On 12 June 2018, the Financial Stability Board (FSB) published a speech by its Secretary General, Dietrich Domanski, entitled Towards effective global resolution regimes: the road ahead.
In his speech Mr Domanski focuses on the FSB’s work on resolution stating that significant implementation work remains, both in the EU and beyond, to operationalise resolution plans and make firms resolvable, particularly on a cross-border basis.
Mr Domanski discusses:
- implementing the Total Loss-Absorbing Capacity (TLAC) standard. He reports that there has been good progress on the implementation of external TLAC. Global systemically important banks (G-SIBs) have issued substantial amounts of TLAC over the last few years and are generally on track to meeting both the 2019 and 2022 external TLAC requirements. However, there has been less progress as regards internal TLAC. Further efforts are needed to implement the internal mechanisms that are key for maintaining incentives for effective cross-border cooperation and implementing single point of entry resolution strategies. This includes designating material sub-groups, setting internal TLAC requirements, and structuring internal TLAC instruments including the design of the triggering mechanism;
- bail-in execution. Last November the FSB issued for consultation a set of Principles on Bail in-Execution. Respondents have generally welcomed the guidance but some changes have been suggested to clarify the application of the guidance for different types of resolution strategies beyond bail-in and for different types of liabilities beyond TLAC and also to reinforce the expectation that the home authority takes overall responsibility for the valuation process. The FSB expects to publish the final version of the principles in the coming weeks; and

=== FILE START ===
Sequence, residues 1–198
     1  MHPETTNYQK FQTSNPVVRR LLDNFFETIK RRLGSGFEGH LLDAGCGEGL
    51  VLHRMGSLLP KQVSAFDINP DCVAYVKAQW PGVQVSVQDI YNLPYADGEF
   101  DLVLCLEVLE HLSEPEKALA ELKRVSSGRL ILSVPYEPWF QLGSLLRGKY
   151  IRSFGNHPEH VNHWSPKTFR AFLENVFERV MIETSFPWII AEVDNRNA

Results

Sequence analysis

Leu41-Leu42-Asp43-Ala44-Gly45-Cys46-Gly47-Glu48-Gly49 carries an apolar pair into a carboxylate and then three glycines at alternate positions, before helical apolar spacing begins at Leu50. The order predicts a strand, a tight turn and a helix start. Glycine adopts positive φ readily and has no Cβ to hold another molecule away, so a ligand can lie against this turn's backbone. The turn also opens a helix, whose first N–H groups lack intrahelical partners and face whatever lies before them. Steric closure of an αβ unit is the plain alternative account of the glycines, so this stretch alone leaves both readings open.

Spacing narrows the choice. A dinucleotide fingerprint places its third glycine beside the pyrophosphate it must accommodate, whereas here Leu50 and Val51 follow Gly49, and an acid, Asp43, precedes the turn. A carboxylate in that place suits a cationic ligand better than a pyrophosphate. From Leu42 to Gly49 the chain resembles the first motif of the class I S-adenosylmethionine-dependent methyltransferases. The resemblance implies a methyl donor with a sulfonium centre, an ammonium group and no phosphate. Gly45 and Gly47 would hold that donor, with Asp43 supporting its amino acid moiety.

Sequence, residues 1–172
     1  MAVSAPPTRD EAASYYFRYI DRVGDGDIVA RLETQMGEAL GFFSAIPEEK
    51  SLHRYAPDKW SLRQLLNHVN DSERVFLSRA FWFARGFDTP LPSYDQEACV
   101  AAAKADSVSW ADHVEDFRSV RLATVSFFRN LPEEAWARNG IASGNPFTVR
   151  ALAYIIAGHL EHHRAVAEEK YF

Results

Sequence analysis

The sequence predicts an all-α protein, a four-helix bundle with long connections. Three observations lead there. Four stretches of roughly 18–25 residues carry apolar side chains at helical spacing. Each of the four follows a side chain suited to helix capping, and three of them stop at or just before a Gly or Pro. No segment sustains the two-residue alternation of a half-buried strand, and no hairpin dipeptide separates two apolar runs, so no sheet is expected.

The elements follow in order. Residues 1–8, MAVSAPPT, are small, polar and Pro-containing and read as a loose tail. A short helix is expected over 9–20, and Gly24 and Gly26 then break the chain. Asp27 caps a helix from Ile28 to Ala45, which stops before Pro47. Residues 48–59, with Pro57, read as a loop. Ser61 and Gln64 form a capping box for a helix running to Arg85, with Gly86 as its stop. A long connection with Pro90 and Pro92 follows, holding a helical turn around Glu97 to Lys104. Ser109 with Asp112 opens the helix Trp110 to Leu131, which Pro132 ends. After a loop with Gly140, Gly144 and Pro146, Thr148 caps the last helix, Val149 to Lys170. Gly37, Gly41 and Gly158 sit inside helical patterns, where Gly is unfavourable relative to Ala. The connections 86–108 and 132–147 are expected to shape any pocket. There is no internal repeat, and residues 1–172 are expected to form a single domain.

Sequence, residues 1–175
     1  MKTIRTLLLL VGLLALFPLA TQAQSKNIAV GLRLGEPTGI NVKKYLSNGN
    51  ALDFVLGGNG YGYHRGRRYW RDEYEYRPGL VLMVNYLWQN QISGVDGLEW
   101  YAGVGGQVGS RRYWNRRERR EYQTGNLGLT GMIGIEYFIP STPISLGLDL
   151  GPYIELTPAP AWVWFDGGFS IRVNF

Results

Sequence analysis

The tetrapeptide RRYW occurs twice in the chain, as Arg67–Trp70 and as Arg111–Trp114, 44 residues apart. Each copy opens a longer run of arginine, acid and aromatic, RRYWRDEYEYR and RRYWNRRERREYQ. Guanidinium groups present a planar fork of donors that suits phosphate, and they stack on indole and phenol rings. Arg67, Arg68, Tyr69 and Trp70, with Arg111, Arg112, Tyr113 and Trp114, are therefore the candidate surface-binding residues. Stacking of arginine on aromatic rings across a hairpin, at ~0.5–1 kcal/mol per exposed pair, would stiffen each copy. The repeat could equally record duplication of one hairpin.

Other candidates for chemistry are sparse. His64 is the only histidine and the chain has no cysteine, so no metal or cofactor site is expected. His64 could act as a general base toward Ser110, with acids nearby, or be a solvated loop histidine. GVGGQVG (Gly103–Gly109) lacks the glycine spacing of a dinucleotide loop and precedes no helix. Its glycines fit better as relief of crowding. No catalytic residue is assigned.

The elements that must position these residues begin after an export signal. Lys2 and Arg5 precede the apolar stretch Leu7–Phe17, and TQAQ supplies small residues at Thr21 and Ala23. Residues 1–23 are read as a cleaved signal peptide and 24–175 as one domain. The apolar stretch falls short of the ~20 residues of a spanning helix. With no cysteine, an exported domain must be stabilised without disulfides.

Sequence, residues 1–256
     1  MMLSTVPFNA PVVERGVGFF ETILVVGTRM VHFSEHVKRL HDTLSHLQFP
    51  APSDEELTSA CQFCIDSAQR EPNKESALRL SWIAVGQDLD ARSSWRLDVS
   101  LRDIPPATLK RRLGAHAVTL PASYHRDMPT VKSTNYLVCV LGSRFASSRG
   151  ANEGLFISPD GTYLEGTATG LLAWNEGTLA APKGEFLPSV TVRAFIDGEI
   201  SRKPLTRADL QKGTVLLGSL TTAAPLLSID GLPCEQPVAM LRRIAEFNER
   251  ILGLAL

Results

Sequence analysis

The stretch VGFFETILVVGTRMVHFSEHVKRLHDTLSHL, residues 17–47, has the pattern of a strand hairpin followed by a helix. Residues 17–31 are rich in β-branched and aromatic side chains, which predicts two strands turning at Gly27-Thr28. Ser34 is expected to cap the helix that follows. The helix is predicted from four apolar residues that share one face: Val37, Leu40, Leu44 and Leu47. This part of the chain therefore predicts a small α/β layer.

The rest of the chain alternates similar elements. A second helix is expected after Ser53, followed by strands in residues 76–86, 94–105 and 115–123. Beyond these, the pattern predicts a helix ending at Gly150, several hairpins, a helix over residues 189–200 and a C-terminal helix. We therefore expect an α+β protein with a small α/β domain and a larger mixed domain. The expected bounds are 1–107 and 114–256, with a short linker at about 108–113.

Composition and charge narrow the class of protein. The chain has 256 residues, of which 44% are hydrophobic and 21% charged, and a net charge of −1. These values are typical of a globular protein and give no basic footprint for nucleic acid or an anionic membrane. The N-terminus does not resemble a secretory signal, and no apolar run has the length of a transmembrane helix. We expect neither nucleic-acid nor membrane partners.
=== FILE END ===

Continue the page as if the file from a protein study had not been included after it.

- funding in resolution. Last November the FSB consulted on guidance to support the development of plans for G-SIB funding in resolution. Mr Domanski states that respondents have welcomed the focus on firm capabilities and the operational aspects of a funding strategy. Some respondents have also suggested that the guidance should consider ex ante disclosure of certain elements of the resolution funding frameworks, as well as how the authorities would communicate at the point of entry into resolution on the firm’s access to liquidity and its capacity to meet its obligations. The FSB hopes to reflect these points in the final guidance which is also expected in the coming weeks.
In addition, Mr Domanski describes two further pieces on FSB work on resolution. First, it is comparing approaches in FSB jurisdictions to the public disclosure of information on resolution planning and resolvability. Second, the FSB is taking stock of the approaches taken across FSB jurisdictions to trading book wind-down. The FSB expects to report on its findings on both topics later this this year.